Paris may be loveable in every season of the year but packing for those moments can put a damper on the romance. Packing for Paris requires careful consideration. Winter can be bone chilling: wet snows, whipping winds chills, nights that dip into the teens. Spring and fall are lovely, indeed, with a mix of temperatures and conditions that require a handy pocket umbrella and a course in layering. Summer in Paris is pure splendor, with and without the crowds. And in July the time is sublime with warm, dry, sunny days. The average temperature for this time of year starts off at around 65 degrees at the beginning of July and inches up to a balmy 68 degrees by the end.
So what to pack? First consideration: leave the shorts at home. Scanty hippy-garb and sloppy backpacker duds are definitely démodé in the City of Lights. Even the canines sport a certain fashion sense on these bustling sidewalks. But that said, casual can be simplement in France.
Black is always Fashionable in Paris
On the sidewalks of Paris, black is the new black. Black is always hip, always fashionable, and always great for packing. It goes with just about anything else you can bring, including those cool new bootcut jeans you are bought just for the trip. Dark-washed denim is flexible and flattering. Leave the tie-dyed stuff at home. Grays and beiges can complement blacks for an element of stylish, understated chic.
French people love their stripes so feel free to bring yours and get lost in a crowd that invented the Marcel Marceau style guide to great miming and black-and-white striped long-sleeved cotton T-shirts.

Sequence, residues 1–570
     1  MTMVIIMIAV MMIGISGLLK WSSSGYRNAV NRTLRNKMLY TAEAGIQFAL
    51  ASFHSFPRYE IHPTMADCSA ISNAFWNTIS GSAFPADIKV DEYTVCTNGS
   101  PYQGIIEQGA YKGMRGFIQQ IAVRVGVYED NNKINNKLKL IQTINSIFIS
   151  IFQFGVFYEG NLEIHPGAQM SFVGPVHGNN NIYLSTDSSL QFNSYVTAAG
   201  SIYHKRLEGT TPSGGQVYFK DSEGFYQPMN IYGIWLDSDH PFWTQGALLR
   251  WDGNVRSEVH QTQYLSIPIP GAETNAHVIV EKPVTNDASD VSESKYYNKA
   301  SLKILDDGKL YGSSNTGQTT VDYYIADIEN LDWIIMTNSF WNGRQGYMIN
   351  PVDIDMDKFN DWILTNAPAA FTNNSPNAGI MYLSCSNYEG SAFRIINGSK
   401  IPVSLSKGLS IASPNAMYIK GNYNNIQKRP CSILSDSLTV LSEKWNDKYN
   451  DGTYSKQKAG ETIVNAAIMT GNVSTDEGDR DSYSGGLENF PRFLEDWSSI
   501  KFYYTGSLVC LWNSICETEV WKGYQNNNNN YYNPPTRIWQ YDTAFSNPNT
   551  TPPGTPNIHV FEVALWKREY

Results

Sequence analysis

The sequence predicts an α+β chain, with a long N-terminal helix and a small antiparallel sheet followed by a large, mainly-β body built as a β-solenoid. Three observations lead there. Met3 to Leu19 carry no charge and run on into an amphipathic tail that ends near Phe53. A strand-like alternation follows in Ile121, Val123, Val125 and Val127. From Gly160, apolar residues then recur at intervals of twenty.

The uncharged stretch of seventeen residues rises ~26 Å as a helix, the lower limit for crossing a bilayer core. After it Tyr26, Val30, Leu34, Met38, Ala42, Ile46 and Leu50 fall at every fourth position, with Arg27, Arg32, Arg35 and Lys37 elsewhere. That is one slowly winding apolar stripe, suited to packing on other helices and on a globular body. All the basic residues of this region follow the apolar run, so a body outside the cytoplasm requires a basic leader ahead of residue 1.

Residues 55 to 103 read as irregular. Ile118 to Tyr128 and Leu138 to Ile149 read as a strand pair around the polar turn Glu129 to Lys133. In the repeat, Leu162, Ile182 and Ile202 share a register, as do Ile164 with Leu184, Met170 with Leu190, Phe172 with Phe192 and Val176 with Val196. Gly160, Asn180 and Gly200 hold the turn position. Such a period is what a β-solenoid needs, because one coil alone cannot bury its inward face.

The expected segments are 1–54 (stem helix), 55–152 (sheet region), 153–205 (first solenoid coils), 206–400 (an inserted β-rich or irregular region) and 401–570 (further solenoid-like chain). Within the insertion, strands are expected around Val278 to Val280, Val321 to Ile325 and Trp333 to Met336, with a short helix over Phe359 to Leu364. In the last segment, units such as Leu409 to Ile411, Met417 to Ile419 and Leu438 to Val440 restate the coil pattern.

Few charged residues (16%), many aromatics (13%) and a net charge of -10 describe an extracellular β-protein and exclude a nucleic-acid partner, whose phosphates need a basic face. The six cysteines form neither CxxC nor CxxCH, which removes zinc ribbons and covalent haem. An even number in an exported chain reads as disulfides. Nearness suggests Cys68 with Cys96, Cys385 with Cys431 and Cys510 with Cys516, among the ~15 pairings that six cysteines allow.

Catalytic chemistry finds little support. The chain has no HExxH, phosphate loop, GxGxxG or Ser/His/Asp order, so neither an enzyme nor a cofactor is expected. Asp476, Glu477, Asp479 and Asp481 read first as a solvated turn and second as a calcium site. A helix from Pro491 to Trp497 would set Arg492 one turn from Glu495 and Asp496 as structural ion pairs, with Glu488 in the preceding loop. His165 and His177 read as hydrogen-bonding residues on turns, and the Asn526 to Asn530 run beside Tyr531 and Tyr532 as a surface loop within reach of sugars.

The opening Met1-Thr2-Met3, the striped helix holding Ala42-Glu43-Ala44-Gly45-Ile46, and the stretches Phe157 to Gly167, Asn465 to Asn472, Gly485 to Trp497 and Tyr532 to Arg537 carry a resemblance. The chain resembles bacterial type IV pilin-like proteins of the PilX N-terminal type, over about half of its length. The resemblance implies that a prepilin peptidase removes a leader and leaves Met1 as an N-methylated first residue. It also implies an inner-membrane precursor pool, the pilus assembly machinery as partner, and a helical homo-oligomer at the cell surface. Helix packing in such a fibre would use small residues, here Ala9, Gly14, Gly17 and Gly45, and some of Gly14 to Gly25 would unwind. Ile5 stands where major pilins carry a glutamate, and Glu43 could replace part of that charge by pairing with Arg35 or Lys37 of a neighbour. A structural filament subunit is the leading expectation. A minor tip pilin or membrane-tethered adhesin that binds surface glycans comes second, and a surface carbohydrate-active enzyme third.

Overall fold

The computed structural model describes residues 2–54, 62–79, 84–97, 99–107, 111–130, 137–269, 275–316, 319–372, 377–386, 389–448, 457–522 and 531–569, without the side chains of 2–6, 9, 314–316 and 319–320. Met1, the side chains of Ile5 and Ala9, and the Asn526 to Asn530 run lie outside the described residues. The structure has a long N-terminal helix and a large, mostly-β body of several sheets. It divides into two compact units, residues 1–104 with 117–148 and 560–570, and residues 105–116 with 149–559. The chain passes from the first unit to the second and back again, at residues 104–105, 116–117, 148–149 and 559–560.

Add a scarf. In fact bring three in a variety of hues and patterns. Scarves are always in fashion and the French can certainly show you how to tie it, knot it, cast it, wrap it and roll it in ways you would never have considered. They dress up any outfit and, when in Paris, you might feel naked without one.
Bring a sweater or two, too: a cardigan and pullover. Black is always a good bet. While warm during the days, nights can be a little chilly, especially if the breeze kicks up during the sunset boat ride along the Seine. Consider rain in all outerwear selections and pack a lightweight trench coat. A light sports jacket for summer is a save-all for looking smart, even with a T-shirt. In the spring and fall, consider a sweater-coat instead of a bulky regular coat for to add that needed flair against the elements.
Walking in Paris: Lose the Stilettos
Shoes cannot be given enough emphasis here. Paris is a walking city and you can pack the miles on without even knowing. If a fashion compromise must be made, make it with your soles and where hardy walking shoes through the urban Paris terrain that ranges from mud to gravel to cobblestone to broken sidewalks to the ever-so-smooth promenades of the Champs-Elysees. Bring at least two pairs of “sensible” shoes – an extra just in case. Bring wanderlust sandals – even Birkenstocks, if you must, although other brands, such as TEVA and even Merrells offer some stylish sturdy options. Get your blisters at home. That means that heals can come along but make sure you have given them the test before squeezing them into your essentials. And, of course, pack the flip-flops. These are not just for poolside lounging, they are fungus-saving footwear to be worn in bathrooms and showers wherever you travel.